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While officials on Friday mulled what to do with a whale carcass rotting on a beach in ritzy Malibu, Calif., some locals were worried it might attract some unwanted visitors: sharks.
Five days after the carcass landed on the beach, officials from the city, county and state were still unsure about what to do and who would do it.
"We have not yet been informed of any removal plans," Malibu spokeswoman Olivia Damavandi told NBC News Friday morning.
Readers on Malibu Patch exchanged comments criticizing the delay, and how to dispose of the juvenile fin whale, which weighed an estimated 40,000 pounds before seabirds got to it.
"Burying the whale where it lays will cause an oil slick to emanate from the burial spot, attracting sharks for many years," posted one reader, referring to the fact that the whale's blubber will gradually decay into oil.
The comments included an earlier incident in San Onofre, Calif., where surfers attributed an increase in shark sightings to the burial of a whale at a nearby beach.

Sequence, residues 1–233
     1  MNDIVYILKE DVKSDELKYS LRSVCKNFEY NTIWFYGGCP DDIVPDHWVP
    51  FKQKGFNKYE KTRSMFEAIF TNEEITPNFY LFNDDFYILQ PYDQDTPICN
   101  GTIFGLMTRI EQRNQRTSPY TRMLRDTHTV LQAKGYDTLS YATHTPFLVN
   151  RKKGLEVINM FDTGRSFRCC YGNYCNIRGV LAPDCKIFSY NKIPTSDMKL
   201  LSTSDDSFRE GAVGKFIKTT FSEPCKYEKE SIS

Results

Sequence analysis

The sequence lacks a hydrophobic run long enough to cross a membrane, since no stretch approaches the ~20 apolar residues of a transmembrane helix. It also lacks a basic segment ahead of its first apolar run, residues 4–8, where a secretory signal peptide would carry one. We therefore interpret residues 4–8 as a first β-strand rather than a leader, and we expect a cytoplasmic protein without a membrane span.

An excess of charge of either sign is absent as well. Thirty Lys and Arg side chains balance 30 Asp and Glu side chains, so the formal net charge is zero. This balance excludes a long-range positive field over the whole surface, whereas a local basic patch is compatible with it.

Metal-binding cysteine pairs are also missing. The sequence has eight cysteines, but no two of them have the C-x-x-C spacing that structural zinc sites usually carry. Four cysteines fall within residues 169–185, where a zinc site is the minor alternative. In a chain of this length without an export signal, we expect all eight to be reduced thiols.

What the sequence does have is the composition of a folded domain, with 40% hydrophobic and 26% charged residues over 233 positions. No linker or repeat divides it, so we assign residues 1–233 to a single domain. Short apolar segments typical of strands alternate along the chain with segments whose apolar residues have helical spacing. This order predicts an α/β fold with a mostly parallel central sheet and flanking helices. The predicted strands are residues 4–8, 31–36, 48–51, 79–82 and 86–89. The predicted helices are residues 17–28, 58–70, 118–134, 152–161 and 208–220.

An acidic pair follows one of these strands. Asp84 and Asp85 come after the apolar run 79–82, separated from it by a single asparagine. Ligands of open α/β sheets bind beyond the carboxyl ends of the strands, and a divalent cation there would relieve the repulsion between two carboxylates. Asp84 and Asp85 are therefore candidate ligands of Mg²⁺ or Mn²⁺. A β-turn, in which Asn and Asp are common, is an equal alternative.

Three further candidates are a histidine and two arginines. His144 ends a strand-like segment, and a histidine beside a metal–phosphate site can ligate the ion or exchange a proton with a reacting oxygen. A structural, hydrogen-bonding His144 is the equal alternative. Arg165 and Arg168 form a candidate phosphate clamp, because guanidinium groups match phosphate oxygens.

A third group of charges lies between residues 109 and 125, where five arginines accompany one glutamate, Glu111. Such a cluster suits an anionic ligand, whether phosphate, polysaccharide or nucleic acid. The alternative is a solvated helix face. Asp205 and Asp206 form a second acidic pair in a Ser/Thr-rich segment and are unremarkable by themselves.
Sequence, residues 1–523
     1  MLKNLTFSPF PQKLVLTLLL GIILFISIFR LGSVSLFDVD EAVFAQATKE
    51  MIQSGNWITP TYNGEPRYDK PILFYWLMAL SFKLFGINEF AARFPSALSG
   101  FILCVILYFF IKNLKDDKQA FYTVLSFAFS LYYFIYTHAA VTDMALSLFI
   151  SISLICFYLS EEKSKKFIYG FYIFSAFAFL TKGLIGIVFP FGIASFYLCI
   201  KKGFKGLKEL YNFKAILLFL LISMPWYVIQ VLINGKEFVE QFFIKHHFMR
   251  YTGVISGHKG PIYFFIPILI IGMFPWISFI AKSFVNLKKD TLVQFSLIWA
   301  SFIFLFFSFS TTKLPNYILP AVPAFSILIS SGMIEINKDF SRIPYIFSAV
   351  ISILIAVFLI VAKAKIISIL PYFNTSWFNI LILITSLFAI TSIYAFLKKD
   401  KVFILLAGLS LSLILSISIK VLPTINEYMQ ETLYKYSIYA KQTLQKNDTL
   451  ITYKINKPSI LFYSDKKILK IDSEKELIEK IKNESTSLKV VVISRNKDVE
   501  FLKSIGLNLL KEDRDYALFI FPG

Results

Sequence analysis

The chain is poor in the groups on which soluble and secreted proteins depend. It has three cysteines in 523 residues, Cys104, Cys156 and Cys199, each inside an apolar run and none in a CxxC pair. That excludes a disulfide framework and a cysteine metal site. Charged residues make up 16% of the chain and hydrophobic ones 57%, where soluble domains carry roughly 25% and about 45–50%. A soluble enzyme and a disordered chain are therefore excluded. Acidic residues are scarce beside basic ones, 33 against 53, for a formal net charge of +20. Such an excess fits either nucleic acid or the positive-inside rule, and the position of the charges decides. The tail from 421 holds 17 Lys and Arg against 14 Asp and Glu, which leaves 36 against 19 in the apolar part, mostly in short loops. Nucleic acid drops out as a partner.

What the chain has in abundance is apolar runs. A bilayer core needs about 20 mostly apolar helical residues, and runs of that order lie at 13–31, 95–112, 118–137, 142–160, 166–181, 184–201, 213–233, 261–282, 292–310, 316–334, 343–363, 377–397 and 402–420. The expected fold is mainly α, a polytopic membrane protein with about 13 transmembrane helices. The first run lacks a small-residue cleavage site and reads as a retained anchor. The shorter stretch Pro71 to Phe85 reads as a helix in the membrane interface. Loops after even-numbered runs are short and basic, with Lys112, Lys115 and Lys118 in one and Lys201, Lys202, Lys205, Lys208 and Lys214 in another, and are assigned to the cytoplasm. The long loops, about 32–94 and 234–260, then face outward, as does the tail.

Damavandi said she didn't know if sharks could become a problem, but added that "as somebody who surfs in Malibu quite often, my common sense tells me it is probably not the best idea to enter the ocean anywhere near the whale carcass."
Nick Ut / AP
People on Thursday look at the dead male fin whale in Malibu, Calif.
Cindy Reyes, director of the Malibu-based California Wildlife Center, echoed that "common sense" gut feeling.
Officials on Thursday said they feared the carcass was too decomposed to be able to tow it out to sea, and Reyes told NBC News that the center had arranged for a professional marine tow service to go to the site Friday for an evaluation.
"If it's too decomposed," she said, "it would have to stay where it is."
Boaters captured video of a humpback whale lifting its tail out of the waters of Dana Point, California. TODAY.com's Dara Brown reports.
The whale washed up between Paradise Cove and Point Dume, near the homes of celebrities like Barbra Streisand and Bob Dylan.
It appeared to have been hit by a ship and had a gash to its back and a damaged spine, according to the results of a necropsy by the California Wildlife Center.
Fin whales are listed as endangered under the federal Endangered Species Act. They can grow to up to 85 feet, weigh up to 80 tons and live for up to 90 years.
The West Coast population of fin whales was estimated at around 2,500 in 2003, down from nearly 3,300 in 1996, the federal government says.
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